I played the violin throughout my childhood from 2nd grade until I graduated high school. I stopped playing because I didn’t own my violin. Twenty years later, I bought a cheap electric violin and started playing again. The pickup is in the back of the violin and because it’s so cheap, it doesn’t give me the sound I am looking for. I have my heart set on an acoustic, but I really like the electric concept. Is it better to buy the Glasser AEX Carbon Composite Acoustic-Electric Violin where the pickup is in the chin rest or should I buy a good quality acoustic and buy the pickup separately? I live in a climate with extreme temperature fluctuations. If I’m going to spend the money, I want to make sure I do it right. What’s your opinion? Thank you.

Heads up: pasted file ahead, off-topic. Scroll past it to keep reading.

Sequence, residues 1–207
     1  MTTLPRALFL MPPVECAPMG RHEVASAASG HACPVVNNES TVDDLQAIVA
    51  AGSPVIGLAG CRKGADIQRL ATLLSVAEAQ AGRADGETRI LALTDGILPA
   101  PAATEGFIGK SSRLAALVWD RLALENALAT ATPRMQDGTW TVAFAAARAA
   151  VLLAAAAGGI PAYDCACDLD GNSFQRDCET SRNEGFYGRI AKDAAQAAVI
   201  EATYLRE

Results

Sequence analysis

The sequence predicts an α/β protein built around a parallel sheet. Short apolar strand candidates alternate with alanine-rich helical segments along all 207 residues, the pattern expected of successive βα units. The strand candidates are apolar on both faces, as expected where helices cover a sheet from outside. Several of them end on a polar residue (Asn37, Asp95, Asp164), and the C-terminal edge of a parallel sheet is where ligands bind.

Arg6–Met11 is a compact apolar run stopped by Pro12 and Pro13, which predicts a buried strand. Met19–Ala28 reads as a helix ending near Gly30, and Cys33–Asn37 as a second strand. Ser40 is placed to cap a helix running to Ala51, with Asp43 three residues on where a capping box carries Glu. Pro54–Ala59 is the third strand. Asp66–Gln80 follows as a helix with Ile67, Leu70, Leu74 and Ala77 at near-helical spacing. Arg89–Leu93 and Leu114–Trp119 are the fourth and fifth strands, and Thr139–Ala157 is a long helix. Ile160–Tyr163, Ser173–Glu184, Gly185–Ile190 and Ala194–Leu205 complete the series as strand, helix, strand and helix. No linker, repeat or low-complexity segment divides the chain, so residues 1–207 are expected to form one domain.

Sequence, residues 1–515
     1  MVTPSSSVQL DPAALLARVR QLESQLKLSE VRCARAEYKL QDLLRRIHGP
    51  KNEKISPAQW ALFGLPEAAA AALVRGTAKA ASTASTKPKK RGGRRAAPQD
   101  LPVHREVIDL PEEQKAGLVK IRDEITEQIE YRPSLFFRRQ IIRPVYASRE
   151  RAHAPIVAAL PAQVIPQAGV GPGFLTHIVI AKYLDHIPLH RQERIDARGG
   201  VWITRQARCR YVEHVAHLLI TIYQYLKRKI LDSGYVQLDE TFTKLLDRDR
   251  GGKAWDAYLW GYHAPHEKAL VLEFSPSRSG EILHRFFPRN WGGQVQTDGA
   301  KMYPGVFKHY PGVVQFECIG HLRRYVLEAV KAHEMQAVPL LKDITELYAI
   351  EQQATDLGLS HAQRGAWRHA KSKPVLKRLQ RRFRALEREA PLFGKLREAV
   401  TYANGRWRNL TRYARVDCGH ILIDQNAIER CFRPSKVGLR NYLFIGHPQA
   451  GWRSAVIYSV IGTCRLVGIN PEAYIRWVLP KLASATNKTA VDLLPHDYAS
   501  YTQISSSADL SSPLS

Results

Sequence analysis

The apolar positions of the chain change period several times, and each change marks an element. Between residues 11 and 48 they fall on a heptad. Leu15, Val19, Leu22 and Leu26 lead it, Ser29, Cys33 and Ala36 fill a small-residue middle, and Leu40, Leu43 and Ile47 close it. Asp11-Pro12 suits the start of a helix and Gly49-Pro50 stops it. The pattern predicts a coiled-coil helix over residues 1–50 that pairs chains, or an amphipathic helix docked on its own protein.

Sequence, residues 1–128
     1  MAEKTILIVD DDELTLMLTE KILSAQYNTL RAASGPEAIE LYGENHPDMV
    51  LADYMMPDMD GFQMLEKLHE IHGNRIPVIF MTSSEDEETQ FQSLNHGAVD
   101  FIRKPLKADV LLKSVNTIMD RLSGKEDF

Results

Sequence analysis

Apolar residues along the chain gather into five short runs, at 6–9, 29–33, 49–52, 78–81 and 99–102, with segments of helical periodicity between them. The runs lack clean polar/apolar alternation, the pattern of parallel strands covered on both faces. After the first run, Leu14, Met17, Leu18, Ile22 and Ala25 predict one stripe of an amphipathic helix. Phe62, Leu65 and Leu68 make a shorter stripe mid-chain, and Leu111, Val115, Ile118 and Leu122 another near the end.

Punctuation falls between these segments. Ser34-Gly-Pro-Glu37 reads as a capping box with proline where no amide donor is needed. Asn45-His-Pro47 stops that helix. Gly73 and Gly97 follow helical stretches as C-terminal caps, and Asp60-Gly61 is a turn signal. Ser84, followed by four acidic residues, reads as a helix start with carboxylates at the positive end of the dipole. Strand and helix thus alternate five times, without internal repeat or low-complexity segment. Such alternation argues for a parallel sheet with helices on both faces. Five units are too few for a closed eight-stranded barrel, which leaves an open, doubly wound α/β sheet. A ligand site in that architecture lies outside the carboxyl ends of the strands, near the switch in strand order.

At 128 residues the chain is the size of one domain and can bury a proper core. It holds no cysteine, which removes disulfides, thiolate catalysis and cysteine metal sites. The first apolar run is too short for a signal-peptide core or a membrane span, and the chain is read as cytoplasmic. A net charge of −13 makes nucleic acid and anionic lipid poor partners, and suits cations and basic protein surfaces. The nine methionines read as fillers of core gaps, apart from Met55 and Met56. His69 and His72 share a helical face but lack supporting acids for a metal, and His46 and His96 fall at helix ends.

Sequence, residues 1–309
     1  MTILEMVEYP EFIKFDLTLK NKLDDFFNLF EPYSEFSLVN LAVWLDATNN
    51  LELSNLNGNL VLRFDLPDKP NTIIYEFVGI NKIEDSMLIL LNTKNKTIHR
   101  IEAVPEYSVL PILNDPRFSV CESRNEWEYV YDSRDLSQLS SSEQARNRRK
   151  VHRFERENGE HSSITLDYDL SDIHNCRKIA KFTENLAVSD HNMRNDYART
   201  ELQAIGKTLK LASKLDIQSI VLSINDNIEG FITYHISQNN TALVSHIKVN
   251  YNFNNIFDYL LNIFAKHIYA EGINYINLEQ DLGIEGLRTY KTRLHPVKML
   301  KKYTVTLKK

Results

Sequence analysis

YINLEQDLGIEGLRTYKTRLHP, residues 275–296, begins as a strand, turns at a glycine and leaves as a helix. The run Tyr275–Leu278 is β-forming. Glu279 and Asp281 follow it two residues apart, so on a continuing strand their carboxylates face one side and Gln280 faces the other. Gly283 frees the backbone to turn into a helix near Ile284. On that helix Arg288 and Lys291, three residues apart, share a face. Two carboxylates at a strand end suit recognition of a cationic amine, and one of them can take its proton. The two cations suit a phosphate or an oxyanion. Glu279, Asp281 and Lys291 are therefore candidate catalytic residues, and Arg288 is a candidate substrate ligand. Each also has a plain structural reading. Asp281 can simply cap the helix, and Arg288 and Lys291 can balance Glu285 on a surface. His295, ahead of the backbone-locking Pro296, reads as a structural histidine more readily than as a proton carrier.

Hi Dean!
That is such wonderful news! We are so happy to hear that the violin could help with your recovery! And also exciting that you and your wife now have a violin/viola duo.
Thanks for praising our instruments. We have received such great feedback on the Fiddlerman Artist instruments, feeling so grateful. One of Fiddlerman’s goals is to sell instruments that are easy to play. That’s why Fiddlershop puts so much time in the setups of each instrument.
Thanks for sharing and happy playing!

Dean Pannell